The Outdoor Championships also included Seated Throw para-adaptive events for the first time, with University of Stirling’s Adam Donnachie furthering his PB in the discus and maintaining his top UK ranking in shot putt too.

University of Glasgow stormed to victory in the John Innes Memorial Trophy, bagging the most number of team points in the team event. Full results can be found on our website and check out our photo album here. Well done to all athletes and thank you to the officials who made it all possible.

Let us know how you found it! Please complete our and you’ll be in with a chance of winning a Decathlon voucher in our prize draw

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Thursday 27th April 2023

Read all about the Scottish Student Sport College National Finals!

On April 26th, nearly 200 students from 5 colleges across Scotland gathered at Oriam to compete in the Scottish Student Sport College National Finals. The competition was fierce, but City of Glasgow College emerged victorious, winning the overall College Cup for the second year in a row. Fife College came in as runners-up.

The Sandy King Salver, a trophy awarded to individuals who display excellent sportsmanship and fair play, was jointly awarded to Kacie Fyvie and Hannah Byers from Edinburgh College. They stepped in to represent their college in badminton at the last minute when other players pulled out.

UHI’s Inverness College Men’s football team made an 8-hour round-trip to be a part of the event. The competition also championed the Football v Homophobia campaign, with football captains wearing armbands in support.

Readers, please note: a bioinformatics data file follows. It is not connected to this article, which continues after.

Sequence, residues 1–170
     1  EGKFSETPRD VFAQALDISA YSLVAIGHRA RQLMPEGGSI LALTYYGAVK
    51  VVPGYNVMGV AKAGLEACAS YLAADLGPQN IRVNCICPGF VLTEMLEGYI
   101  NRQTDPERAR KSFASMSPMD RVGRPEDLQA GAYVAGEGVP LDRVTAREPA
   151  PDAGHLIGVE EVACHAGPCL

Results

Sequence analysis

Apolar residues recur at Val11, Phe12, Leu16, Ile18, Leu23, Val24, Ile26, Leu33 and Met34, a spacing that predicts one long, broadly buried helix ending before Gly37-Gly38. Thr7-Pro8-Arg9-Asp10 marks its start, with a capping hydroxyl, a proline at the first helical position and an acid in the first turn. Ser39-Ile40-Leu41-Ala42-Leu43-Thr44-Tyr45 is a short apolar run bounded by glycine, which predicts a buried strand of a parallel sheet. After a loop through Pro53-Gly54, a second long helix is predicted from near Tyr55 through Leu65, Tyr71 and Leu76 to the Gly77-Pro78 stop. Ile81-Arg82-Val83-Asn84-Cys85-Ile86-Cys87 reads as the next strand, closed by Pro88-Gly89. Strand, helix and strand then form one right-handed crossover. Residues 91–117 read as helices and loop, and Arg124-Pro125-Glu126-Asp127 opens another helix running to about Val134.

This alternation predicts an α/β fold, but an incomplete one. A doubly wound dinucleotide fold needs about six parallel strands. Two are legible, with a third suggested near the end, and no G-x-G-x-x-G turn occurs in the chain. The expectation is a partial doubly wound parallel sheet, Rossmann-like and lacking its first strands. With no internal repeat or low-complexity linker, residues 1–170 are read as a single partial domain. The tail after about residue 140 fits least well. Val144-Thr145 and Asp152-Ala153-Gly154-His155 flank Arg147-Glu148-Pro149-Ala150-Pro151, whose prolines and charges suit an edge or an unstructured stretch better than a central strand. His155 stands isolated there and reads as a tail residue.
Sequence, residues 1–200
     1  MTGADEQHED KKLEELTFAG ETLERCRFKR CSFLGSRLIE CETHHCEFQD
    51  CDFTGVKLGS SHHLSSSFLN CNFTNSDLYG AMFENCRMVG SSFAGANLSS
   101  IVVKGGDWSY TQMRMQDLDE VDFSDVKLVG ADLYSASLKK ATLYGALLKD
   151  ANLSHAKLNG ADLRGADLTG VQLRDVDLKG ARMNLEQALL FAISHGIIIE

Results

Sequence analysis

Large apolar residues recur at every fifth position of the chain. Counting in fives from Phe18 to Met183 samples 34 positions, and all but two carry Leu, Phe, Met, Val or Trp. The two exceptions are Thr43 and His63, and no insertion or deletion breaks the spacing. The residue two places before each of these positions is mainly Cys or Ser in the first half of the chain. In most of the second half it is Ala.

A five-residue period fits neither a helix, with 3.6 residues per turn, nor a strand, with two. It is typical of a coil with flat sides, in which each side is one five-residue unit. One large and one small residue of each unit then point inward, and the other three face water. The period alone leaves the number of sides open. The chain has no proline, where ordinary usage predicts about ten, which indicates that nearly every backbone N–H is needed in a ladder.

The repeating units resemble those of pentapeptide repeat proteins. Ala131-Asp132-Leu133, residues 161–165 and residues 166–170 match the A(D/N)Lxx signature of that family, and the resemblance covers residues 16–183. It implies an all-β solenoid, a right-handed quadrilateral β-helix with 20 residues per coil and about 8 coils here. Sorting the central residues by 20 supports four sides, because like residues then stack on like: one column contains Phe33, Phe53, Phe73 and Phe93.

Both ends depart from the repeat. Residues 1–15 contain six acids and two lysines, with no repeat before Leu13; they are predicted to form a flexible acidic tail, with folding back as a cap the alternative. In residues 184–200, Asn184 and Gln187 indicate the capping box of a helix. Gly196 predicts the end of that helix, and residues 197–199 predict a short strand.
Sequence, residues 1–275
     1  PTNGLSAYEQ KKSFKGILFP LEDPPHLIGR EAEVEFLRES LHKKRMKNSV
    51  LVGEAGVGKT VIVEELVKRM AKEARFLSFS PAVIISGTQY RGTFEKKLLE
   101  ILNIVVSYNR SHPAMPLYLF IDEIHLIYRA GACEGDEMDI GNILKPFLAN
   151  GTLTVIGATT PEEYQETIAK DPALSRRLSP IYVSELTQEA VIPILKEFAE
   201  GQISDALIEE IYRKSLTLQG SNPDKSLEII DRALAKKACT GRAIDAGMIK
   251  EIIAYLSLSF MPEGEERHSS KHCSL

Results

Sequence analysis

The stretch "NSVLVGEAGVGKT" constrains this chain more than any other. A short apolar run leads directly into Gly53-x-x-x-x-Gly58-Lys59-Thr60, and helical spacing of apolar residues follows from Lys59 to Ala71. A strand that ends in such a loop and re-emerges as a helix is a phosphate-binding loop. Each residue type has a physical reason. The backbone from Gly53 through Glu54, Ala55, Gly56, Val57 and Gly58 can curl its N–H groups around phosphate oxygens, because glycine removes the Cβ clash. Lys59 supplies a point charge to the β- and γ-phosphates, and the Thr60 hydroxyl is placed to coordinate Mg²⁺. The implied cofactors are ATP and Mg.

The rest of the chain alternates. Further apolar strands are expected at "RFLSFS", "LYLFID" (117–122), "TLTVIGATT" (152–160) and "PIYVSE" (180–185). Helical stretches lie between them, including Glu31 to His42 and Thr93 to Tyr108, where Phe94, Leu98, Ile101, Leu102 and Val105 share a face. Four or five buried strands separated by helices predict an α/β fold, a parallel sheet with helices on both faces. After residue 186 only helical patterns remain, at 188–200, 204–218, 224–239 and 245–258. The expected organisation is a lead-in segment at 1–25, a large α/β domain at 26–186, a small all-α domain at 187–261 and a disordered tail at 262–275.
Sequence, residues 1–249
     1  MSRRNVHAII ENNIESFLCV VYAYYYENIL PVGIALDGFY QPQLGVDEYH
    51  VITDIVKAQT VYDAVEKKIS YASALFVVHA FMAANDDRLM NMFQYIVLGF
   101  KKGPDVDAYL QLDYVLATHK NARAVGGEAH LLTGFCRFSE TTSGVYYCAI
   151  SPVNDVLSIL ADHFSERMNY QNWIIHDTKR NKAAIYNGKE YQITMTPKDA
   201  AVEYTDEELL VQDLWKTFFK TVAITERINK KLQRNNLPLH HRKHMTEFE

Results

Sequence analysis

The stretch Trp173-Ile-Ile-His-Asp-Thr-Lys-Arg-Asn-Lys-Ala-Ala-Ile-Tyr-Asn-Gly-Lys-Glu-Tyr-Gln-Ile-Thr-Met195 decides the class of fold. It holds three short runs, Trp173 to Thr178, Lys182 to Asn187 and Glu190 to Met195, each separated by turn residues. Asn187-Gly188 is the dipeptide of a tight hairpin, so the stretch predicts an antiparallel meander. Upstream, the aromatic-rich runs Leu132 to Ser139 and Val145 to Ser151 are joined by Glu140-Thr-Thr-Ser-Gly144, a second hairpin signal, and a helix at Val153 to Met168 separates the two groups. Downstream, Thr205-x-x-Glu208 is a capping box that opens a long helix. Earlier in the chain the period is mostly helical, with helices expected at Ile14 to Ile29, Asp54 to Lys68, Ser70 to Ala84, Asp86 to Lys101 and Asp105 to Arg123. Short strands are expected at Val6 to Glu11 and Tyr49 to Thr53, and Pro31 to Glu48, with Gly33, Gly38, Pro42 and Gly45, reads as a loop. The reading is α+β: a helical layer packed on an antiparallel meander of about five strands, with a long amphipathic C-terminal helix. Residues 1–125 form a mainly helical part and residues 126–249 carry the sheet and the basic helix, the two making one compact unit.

The success of the event would not have been possible without the help of the Heriot Watt Volleyball and Basketball Clubs, as well as all the officials and staff who contributed their time and effort to make it happen. Congratulations to all the participants for their hard work and dedication to student sports in Scotland.

All results can be found online here (thank you to Decathlon for providing vouchers for our MVP winners).

Check out the full photo album on Facebook and our highlights video below!

Help make the College National Finals even better, complete the feedback survey !

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Tuesday 25th April 2023

It’s Awards Season again!! We are now accepting nominations for the 2022/23 SSS Awards! Read on for more information on the different award categories, the nomination process and where the winners will be crowned.

We are delighted to announce that the SSS 2022/23 Awards are officially open!

The Awards 

We are accepting individual nominations in the following five categories:

  • Female Athlete of the Year- Aimed at high-performance female student-athletes, whether or not they compete for their college or university. This will be awarded to a female individual for outstanding sporting achievement at the highest level during the 2022-23 season (April 2022 – April 2023) while making a tangible contribution to the institution.